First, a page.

Cryptocurrency companies are competing with lobbyists for subpoenas, which could be an existential battle over how to regulate a trillion dollar industry.
Lobbyists were inundated with firms looking for agents in Washington last month as regulators threatened cryptocurrency companies with lawsuits and cease and desist orders. Current and former law enforcement officials say these warnings are likely just the start.
Over the past decade, the cryptocurrency market has grown from a lesser-known project shared between engineers and liberals to a large, largely unregulated industry. But even as the industry digitally registers ownership and finds an innovative way to send money cheaply, it has launched savings accounts and mutual funds. Regulators say they should follow the same rules as traditional financial networks.
As the crypto industry braces for a regulatory battle, some lobbyists who asked not to release their names to discuss customer issues were hiring crypto companies in August. He said he was so outraged that he had to turn down potential customers. Some cryptocurrency companies have said they have been or should be targeted by regulators, lobbyists have said.
Earlier this month, the Securities and Exchange Commission sent a notice to Coinbase Global Inc. that it could be sued for offering an account with high interest rates.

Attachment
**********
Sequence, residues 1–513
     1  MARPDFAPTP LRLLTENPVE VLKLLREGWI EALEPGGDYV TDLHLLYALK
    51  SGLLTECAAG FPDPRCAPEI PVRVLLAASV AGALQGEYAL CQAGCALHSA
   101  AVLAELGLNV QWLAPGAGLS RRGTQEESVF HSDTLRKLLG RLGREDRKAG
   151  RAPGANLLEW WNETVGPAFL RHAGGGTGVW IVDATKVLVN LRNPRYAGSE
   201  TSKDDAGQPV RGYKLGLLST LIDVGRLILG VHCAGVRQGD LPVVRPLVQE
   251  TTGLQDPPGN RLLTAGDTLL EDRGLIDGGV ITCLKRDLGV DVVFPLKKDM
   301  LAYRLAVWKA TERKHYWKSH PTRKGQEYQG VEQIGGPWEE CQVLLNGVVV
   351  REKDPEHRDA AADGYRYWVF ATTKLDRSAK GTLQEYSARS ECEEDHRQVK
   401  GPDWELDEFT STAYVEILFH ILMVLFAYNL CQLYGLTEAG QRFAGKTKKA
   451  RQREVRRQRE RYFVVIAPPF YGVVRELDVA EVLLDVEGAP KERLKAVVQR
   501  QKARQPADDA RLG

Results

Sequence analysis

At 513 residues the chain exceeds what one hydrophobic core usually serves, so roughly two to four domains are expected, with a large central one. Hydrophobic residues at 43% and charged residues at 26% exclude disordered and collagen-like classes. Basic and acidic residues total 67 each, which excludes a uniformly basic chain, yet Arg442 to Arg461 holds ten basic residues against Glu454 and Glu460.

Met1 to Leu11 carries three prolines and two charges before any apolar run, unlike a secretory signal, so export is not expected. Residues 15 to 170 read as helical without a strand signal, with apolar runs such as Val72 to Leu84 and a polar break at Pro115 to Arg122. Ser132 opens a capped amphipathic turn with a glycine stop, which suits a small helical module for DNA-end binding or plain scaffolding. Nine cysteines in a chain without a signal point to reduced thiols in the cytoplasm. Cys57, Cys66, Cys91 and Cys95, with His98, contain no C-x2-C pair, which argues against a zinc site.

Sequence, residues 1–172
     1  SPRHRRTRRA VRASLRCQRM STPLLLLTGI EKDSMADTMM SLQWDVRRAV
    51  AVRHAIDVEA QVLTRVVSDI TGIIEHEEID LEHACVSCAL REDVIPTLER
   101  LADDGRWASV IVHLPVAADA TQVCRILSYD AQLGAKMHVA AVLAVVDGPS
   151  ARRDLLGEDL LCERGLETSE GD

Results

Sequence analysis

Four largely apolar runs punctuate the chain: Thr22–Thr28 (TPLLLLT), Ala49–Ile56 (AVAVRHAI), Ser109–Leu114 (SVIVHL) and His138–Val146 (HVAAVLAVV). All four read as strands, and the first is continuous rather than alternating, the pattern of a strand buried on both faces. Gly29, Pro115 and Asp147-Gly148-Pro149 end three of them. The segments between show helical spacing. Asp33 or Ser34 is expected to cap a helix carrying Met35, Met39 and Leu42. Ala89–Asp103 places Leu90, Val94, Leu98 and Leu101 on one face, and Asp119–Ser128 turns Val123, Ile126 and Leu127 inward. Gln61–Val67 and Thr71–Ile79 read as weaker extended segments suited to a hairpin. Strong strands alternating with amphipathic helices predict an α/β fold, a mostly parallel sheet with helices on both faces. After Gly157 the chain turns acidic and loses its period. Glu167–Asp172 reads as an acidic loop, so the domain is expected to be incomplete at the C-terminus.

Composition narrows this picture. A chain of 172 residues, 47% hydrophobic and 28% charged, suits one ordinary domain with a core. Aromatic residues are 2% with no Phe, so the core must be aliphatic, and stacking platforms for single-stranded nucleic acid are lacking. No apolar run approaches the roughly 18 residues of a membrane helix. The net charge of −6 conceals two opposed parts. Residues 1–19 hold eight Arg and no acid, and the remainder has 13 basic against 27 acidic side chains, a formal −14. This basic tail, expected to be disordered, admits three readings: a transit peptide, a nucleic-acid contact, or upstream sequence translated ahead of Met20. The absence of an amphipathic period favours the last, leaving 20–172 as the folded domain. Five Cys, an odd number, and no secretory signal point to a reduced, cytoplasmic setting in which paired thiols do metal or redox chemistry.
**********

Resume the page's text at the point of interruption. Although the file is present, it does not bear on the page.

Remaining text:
Owen Tedford, analyst at Washington-based Beacon Policy Advisors, said: “It’s no surprise that Coinbase’s notifications are a wake-up call to the entire industry.”
According to documents filed in the Senate, nearly a third of new registrations of financial industry lobbyists in August and September were for crypto companies or advocacy groups. In August, Coinbase hired two new companies that doubled its presence in Washington, including Andrew Olmem, deputy director of Trump’s White House National Economic Council. Facebook Inc plans to launch a new cryptocurrency. Affiliates of the Diem Association, a group of companies that includes, have hired new lobbyists, as well as Digital Currency Group, a crypto-focused venture capital firm.
SEC Chairman Gary Gensler drew his first blood last week. Coinbase quietly ditched its rental product on Friday and announced a move with a short blog post update a few months ago.
“Lending cryptocurrencies is perhaps the easiest way for the SEC to enter the industry, but it’s very clear that they are considering cryptocurrencies themselves,” said the SEC, who heads the Healthy Markets Association. Former councilor Tyler Gellasch said. Members include large asset management companies. When many cryptocurrencies are considered securities, exchanges like Coinbase and other cryptocurrencies “can’t make money like they do today.”
BlockFi Inc. Cryptocurrency lending companies such as and Celsius Network Inc. have already earned more than $ 35 billion from deposits in traditional cryptocurrencies such as Bitcoin and Stablecoin, and their value is set at $ 1. It is considered a replacement for fiat money.
Crypto industry executives suspect that traditional financial rivals, such as the big banks, are responsible for the conduct of regulators.
At the “Ask Me Anything” event in September with customers, Celsius Network CEO Alex Masinsky said he believed bank executives were complaining to the SEC and state regulators about crypto lenders. ..
“These people have the biggest lobbyists working for them at the state and federal levels, so we need to redouble our efforts,” Masinsky said. “We are winning. The battle is beyond all the money in the world, isn’t it?”